Moses stands as a type of the One who became the mediator between God and man when Adam broke the covenant of life which likewise had no provision for forgiveness. It was obey: live; disobey: die. (Gen. 2:16-17) The bondage of God's chosen people in Egypt, their exodus beginning the night of the Passover, the leadership and pleadings of Moses, all are placed in the New Testament as a type of the work and ministry of Jesus Christ. The bondage in sin (Heb. 2:15), the deliverance through the Passover Lamb (I Cor. 5:7), the new "house of Israel" with the appointed High Priest (Heb. 3:6; 5:9-10), are perceived as typified in the man, Moses, and his work "as a servant" (Heb. 3:5).

With no specific statement to be found in the Old Testament that such an event, or such a

p 3 -- person was a type of some event or Person to come; yet in the New Testament there is such direct testimony, how can such conclusions on the part of the New Testament writers be justified? The Old Testament is history, but not secular history per se; rather it is salvation history. Only a small fragment of what occurred in human history or in the history of Israel is recorded in the Old Testament, but those things which were      "written aforetime were written for our learning, that we through the patience and comfort of the scriptures might have hope." (Rom. 15:4)       The Old Testament is a directed record. Its records, its prophecies, its biographies were all directed by "the Spirit of Christ." (1 Peter 1:11) Before Jesus returned to the Father, He opened His disciples' "understanding, that they might understand the scriptures." (Luke 24:45) These "scriptures" were the Old Testament. Upon His return to the courts of heaven, He sent, as He had promised, the Spirit of truth, to guide into all truth. (John 14:16-17; 16:13). Thus what the "Spirit of Christ" preserved as the Old Testament, the Spirit of truth opened the minds of the writers of the New Testament to discern its true significance.

It was "the Lord" who called Abraham (Gen. 12:1) It was the "I AM" who appeared unto Moses and sent him to deliver the enslaved people of Israel (Ex. 3:14). It was that "Lord" who said unto Moses, I want to be "like unto thee" when I come into humanity (Deut. 18:18). It was "the Lord" who directed Moses to build a sanctuary according to a pattern He had designed (Ex. 25:8-9). It was the same Lord who outlined the ritual to be performed in that sanctuary (Lev. 1:1). It was the Holy Spirit of truth which speaks in the New Testament telling us what these things signify.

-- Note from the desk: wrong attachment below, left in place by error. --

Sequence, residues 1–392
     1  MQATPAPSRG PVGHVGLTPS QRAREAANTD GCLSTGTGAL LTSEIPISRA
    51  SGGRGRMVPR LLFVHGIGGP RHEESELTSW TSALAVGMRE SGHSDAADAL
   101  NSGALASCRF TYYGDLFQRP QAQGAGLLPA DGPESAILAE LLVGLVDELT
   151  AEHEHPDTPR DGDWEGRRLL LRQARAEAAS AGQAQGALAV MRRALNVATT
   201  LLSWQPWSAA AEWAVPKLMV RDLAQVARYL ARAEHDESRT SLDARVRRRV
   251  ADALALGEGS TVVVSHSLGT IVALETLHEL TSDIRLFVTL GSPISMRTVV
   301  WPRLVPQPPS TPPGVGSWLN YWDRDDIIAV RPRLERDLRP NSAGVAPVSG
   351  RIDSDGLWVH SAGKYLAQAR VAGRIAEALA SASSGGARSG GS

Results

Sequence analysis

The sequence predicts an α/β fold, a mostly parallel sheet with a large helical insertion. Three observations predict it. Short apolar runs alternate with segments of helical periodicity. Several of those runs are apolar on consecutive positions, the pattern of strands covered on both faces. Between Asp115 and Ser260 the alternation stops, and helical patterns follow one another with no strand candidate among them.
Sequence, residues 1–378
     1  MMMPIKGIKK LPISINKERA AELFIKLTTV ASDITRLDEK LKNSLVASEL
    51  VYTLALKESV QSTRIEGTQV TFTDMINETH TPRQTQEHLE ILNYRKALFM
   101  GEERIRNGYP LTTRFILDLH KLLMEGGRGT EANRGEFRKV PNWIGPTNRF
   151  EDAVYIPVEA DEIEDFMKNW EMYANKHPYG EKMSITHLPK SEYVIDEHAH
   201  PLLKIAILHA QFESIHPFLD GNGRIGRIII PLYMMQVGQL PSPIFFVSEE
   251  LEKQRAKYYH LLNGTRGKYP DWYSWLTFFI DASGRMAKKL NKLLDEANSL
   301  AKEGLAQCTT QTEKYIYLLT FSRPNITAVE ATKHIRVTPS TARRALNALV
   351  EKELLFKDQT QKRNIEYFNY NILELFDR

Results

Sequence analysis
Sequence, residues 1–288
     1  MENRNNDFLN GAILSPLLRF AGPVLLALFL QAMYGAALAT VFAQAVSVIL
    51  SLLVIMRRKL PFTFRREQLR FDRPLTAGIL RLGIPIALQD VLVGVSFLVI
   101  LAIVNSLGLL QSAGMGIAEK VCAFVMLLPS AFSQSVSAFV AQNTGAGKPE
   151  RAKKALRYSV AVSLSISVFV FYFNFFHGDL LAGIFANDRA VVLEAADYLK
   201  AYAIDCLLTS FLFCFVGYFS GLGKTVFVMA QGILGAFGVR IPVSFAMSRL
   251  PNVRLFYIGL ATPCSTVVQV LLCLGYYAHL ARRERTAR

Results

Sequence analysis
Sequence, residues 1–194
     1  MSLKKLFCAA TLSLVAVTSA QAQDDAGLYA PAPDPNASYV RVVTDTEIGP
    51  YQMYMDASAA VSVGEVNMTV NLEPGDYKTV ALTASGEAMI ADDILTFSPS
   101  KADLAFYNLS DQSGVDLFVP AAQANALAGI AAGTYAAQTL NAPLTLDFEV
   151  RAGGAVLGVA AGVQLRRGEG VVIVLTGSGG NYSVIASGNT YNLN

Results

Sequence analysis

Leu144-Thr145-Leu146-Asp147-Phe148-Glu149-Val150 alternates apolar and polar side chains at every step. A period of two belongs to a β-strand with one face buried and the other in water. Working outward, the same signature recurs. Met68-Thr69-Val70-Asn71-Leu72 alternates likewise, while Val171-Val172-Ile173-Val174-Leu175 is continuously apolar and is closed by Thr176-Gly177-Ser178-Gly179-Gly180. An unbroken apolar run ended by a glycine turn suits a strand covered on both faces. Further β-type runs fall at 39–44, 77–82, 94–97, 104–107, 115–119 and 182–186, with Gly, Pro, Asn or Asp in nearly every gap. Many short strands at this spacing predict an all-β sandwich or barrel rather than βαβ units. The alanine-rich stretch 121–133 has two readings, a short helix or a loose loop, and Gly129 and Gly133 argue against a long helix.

The typology found in the New Testament is both horizontal and vertical.   2     The types cited by Paul in I Corinthians represent the horizontal nature of typology, while many of the types used in the book of Hebrews illustrate the vertical nature of typology - the earthly figuratively revealing the heavenly.

Modern scholarship   3     usually disassociates itself strongly from the vertical form of typology. When the Millerite Movement was taken over by the "Seventh Month" advocates, a horizontal
typology drawn from the Hebrew sanctuary services was implanted upon the time prophecy of
Daniel 8:14 establishing the date of October 22, 1844. It was after the disappointment on that day, that a vertical typology, associating the earthly sanctuary services with the heavenly ministry of Jesus Christ, became the basis for the sanctuary theology which is the heart of Seventh-day Adventism. Is there a Biblical justification for this vertical typological hermeneutic? Are there limitations?

After establishing the high priestly ministry of Jesus Christ as superior to the Aaronic, Paul declares "the sum" of the matter to be that He is set "on the right hand of the throne of the Majesty in the heavens" as "a minister of holy things" (Gr.) in "the true tabernacle, which the Lord pitched." (Heb. 8:1-2) How is this ministry in the heavenly tabernacle to be understood? The priests of the earthly "serve unto the example and shadow of heavenly things."     4     ( 8:5) What reference is cited to confirm this typology? "Moses was admonished of God when he was about to make the tabernacle: for See, saith he, that thou make all things according to the pattern (tupos) shewed to thee in the mount." (ibid.)

It should be clearly kept in mind that it was the services performed in connection with the sanctuary which were the examples and shadow of heavenly things, not the tabernacle itseif. Here is a Biblical basis for the typology which designates the priestly ministration of the earthly sanctuary as illustrative of the heavenly, but with a limitation. The type was shown to Moses in the mount, but its typological significance was in the services performed in the priestly ministration.